Friday, March 9, 2012

A Curated Selection for the Time-Traveller

Basically my job is to buy books from people when they come in to the shop to sell them. It is a fun job. Though my exciting job of mostly repetition (Steig Larsson, Jodi Picoult, Tracy Kidder, Steig Larsson, Jodi Picoult, lather, rinse, repeat) eventually yields delicious discovery! Like last Saturday, man-oh-man I'll tell you what. I've been at this job for a year now (where was my petting zoo and pizza party?!) and days like last Saturday are few and far between. Nearly everybody who came in had rad stuff, things we were looking for, things we can always use, things I've never seen before that are magical and strange. Basically, it was a good day for buyin'. But my favorite thing about days like that, as you may be able to tell from reading the blog, is finding neat patterns in the seemingly random collections people bring in.

Like this sequence of relics from the past, titles in present tense and speculative fiction of the future:

For just $5.50, you can own a piece of Massachusetts history. The North Shore of Massachusetts Bay: An Illustrated Guide and History comes with cool, out-of-date maps, awesome engravings, and is a complete reissue of an 1881 text, so even the typeface used is old-timey. Slip into this slim volume and be transported to a time when there was no CVS in downtown Salem and tooth extraction was a mere .25, add some ether or gas for $1.00!

But nowadays, you're pathologized for living in the past; nostalgia is a sickness, those times were no good, you gotta live in the NOW. Well, right NOW is all about poetry, cool illustrations and strange superheroes. Only because I love the title of this book and when co-bookseller Jamie saw it, she oohed and aahed over it, confessing it was a personal favorite. And really, good poetry is best read as a clean slate: completely in the present, without reference to past or concern for the future.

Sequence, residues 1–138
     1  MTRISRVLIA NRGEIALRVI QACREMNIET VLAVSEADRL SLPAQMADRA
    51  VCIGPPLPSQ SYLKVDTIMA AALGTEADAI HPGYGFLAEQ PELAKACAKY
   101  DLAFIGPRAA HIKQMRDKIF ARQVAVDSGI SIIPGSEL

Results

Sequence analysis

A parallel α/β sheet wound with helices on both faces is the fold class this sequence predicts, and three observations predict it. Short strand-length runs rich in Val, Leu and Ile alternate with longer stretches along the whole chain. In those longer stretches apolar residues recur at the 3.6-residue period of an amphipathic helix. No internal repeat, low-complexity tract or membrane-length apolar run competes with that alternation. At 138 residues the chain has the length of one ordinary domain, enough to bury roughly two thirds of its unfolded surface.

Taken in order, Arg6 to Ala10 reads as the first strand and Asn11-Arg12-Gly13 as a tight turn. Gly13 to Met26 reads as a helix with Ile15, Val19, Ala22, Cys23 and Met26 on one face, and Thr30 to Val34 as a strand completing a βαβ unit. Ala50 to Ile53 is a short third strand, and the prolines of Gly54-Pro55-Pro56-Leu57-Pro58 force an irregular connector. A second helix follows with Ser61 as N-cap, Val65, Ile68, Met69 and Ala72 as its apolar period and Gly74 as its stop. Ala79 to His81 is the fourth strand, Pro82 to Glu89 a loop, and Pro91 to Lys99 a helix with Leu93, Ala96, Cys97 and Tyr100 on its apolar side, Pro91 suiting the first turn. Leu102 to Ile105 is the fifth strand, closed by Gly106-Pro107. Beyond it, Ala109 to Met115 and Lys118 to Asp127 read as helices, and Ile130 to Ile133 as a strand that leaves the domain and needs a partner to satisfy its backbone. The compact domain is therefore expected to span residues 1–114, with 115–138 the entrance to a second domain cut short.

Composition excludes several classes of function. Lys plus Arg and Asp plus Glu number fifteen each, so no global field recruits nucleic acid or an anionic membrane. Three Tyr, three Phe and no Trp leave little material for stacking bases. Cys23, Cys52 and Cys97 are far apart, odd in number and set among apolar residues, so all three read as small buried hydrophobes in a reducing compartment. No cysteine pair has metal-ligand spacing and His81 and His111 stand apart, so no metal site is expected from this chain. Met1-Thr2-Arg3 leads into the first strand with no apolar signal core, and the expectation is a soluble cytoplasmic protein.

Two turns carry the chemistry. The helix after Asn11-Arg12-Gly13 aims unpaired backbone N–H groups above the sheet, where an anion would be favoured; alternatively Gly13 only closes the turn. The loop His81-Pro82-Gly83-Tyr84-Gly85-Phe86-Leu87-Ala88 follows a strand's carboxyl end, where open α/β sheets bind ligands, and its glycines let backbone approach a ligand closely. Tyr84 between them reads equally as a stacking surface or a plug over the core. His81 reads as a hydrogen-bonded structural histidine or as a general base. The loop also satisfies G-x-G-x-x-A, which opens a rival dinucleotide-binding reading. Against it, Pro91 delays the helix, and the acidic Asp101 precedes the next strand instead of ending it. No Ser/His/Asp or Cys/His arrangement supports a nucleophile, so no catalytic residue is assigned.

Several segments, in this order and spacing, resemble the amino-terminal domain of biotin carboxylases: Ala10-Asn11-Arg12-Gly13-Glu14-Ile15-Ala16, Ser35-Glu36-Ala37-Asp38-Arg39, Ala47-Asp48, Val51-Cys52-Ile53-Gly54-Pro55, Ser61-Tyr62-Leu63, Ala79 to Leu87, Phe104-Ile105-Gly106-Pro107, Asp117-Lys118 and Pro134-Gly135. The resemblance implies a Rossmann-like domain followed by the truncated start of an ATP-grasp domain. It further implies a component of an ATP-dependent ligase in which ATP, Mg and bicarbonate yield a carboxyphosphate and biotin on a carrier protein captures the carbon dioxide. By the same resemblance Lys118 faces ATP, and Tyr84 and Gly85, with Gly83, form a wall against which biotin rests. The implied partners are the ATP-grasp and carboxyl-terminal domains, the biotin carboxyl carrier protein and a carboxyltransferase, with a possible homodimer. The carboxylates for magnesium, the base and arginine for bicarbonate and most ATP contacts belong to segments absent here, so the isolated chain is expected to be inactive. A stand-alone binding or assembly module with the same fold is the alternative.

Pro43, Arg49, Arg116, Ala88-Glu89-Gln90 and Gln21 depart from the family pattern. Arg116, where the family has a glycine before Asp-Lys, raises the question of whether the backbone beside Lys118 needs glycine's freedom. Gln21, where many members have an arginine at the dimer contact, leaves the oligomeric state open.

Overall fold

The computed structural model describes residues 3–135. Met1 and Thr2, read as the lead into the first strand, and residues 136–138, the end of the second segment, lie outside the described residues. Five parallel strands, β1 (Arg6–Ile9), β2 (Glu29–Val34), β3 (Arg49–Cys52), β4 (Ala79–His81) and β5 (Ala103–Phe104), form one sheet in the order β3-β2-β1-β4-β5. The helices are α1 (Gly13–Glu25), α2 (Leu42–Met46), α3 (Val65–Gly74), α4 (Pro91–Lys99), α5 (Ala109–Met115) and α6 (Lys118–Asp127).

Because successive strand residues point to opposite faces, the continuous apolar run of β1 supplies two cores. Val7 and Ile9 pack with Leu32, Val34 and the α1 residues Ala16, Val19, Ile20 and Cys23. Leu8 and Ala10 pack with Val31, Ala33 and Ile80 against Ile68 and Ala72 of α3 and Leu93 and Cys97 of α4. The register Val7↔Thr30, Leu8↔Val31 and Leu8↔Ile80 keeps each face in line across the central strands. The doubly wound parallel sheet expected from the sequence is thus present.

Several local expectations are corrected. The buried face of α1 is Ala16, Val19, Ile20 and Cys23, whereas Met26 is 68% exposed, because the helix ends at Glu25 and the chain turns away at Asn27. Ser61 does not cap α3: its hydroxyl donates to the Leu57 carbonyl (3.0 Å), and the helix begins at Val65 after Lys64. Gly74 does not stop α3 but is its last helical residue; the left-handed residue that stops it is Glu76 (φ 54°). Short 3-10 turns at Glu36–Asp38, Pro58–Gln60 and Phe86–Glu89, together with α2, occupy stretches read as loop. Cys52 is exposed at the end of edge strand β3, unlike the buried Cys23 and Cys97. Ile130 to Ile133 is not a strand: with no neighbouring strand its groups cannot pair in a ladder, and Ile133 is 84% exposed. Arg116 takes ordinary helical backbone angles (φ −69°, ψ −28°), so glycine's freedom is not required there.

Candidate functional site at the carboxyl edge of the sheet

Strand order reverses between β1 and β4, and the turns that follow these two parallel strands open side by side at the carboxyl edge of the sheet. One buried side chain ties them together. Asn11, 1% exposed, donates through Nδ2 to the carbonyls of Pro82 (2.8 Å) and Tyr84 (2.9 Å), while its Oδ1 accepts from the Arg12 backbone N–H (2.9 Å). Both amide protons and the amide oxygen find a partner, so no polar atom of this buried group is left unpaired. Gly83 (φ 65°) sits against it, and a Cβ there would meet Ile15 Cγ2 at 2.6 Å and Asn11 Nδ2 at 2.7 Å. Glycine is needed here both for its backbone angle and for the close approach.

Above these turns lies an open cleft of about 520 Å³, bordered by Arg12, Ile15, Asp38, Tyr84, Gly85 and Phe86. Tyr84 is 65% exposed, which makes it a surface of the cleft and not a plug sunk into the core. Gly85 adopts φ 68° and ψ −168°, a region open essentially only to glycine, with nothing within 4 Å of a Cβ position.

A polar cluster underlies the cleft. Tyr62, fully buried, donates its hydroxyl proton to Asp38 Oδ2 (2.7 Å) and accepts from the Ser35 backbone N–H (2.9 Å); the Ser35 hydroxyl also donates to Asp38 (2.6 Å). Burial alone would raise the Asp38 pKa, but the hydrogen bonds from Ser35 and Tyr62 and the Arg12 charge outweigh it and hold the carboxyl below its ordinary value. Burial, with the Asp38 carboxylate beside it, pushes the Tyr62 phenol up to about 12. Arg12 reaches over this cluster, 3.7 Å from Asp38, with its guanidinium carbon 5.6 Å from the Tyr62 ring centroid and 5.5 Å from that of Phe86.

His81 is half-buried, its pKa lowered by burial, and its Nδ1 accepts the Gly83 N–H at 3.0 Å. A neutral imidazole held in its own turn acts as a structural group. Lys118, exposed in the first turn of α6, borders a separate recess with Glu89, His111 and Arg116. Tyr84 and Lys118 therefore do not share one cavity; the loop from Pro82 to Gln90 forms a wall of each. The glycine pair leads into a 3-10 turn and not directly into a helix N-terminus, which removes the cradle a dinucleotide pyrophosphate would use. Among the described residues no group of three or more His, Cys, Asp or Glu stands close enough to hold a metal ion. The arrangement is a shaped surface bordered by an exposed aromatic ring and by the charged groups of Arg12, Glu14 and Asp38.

Unrelated Individuals Forming a Group Waiting to Cross by Mark Yakich is a confluence of many great things, to appreciate here and now. The jacket copy is a handy map to the contents, "If you like poems about the sea, turn to page 49," also, "And then, there's everyone's greatest joy and incense: 'Love Poems,' which you will find, like the French, everywhere and nowhere at once, but especially on p. 64 with 'A Little Morning After Poem.'"

But, if you're like me: certifiably ADD, a terminal daydreamer, and with all but a diagnosis in-hand for restless leg, mind and eye syndrome, perhaps travelling to the future might excite your emotions. And not just any future-story, but one in which a believable, empathetic underdog is the protagonist.

I submit to you, for $6.50, The Brave Little Toaster Goes to Mars. When we pack up our earthly possessions and head to Mars for some light terraforming and condo-building, this is the novel you will need in your space-rucksack, as it offers all kinds of helpful suggestions for peaceful coexistence with our appliance friends who will obviously already be living there after their uselessness on Earth compels them to found a new civilization on the Crimson Planet. Maybe they'll teach us how to grow Mars Bars. Mmmmm.

Until next time, friends! Unless I'm living on Mars! In which case: bring kittens!

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